Hard Lesson: When Co-Investors Disagree
A legendary hotelier looks back at one of his biggest failures — and what he learned from it.
When Chip Conley goes looking for investors, he divides them into three categories: transactional, relationship-oriented, and legacy. | Matt Edge
As a San Francisco-based entrepreneur, I’ve often spoken of creating the confidence to fail. In fact, I call my failures “noble experiments.” Let me introduce you to one of my many follies as founder and CEO of the boutique hotel chain Joie de Vivre.
Soon after I graduated from Stanford GSB, at the ripe age of 26, I started Joie de Vivre just as the boutique hotel niche was getting off the ground in the U.S. Over the course of my two dozen years as CEO, we created 52 hotels and pioneered the boutique concept to motels, suburban properties, and second-tier cities. We even helped create a boutique Japanese communal bath and spa.
As part of an ongoing series, Stanford Business magazine asks alumni to write about one of their biggest business failures and what they learned from it.
Chip Conley, MBA ’84, is the founder of the Joie de Vivre hotel chain and currently serves as strategic advisor for hospitality and leadership at Airbnb. He is the author of several books, including, most recently, Wisdom at Work: The Making of a Modern Elder.
But our boldest leap came when we created a “boutique campground” six years before the word “glamping” had been coined. Costanoa is halfway between Half Moon Bay and Santa Cruz on California’s fabled Highway 1 and was a challenging project to get approved, given the sensitive ecological area. It launched well in 1999 and was quickly full on weekends. We were also pleasantly surprised that our weekdays filled up with dot-com companies looking to use nature as a teacher for their corporate strategy and leadership sessions. They appreciated the mountain biking, beach football, and plentiful hiking trails that Costanoa had to offer.
But starting in 2001, the dot-com bust wiped out our weekday business, and, like many Bay Area hoteliers, we struggled during that four-year regional downturn. Unfortunately, on the Costanoa project we’d mistakenly partnered with a hedge fund that had a short-term mentality about making money. While they were very gracious, we disagreed with them about the definition of success. This led me to realize there are three kinds of investors: transactional, relationship-oriented, and legacy. Transactional investors are focused on short-term ROI, while legacy investors focus on disrupting an industry or making some fundamental change in the world.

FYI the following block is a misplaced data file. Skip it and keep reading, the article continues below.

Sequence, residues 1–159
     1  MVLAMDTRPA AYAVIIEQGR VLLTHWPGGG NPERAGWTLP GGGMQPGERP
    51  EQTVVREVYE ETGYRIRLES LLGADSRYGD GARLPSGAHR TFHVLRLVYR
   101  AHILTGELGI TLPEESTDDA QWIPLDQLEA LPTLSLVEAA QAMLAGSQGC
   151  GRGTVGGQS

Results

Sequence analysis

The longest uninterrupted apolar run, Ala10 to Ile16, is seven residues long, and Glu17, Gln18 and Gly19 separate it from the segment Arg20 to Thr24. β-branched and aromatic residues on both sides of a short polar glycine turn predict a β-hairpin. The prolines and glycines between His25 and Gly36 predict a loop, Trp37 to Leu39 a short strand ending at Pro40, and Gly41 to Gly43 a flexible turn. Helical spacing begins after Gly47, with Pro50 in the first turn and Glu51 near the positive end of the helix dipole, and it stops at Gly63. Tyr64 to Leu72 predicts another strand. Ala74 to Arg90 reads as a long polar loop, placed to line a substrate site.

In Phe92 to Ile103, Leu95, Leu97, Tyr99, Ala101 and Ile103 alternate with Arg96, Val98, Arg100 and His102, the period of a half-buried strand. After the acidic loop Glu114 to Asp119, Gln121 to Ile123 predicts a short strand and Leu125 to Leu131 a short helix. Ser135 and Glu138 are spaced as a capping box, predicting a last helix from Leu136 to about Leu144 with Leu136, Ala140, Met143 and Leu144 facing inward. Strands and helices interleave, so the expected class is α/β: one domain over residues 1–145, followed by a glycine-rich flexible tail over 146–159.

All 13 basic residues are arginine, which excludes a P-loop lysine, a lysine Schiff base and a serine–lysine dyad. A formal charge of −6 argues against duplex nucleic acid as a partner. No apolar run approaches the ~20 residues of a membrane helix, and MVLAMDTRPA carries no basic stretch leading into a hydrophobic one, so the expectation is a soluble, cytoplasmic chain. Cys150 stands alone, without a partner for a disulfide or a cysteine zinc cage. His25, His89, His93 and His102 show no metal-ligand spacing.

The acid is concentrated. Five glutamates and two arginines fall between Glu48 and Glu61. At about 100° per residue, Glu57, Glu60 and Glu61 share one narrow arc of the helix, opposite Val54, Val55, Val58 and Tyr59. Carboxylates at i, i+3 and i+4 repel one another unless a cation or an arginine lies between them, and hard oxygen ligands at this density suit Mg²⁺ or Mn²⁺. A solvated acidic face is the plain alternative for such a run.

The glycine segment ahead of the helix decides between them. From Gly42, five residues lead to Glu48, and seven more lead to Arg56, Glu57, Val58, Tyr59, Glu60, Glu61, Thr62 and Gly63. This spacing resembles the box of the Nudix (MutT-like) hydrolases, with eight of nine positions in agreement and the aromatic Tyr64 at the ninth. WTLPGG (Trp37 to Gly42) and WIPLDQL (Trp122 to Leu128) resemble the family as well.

When you’re creating a landmark project that’s ahead of its time, you need to match it with the right kind of partner in the form of a legacy investor. Instead, we had a transactional investor, and we ended up selling Costanoa at the bottom of the dot-com bust for a big loss. (In the years since, the place has flourished.) Having poured so much heart and soul and time into the project, I found it to be a painful divorce. Ever since, I’ve interviewed potential investors in the same way that I would a potential senior executive, to make sure their investing philosophy matches the kind of boutique projects we’re creating.
But there’s a silver lining in this noble experiment. We leveraged our lessons from Costanoa and applied them to our successful launch of the upscale Hotel Vitale in San Francisco a couple of years later. One key lesson from our corporate groups at Costanoa was that they loved doing yoga together each morning. This gave us a hunch that business travelers, especially women, might appreciate a business-class hotel that offered free yoga within the property. Voilà, in 2005, the Vitale opened to rave reviews as the first financial district hotel in the world to create a penthouse studio with free yoga classes. Sometimes a hard lesson can sprout a new innovation.
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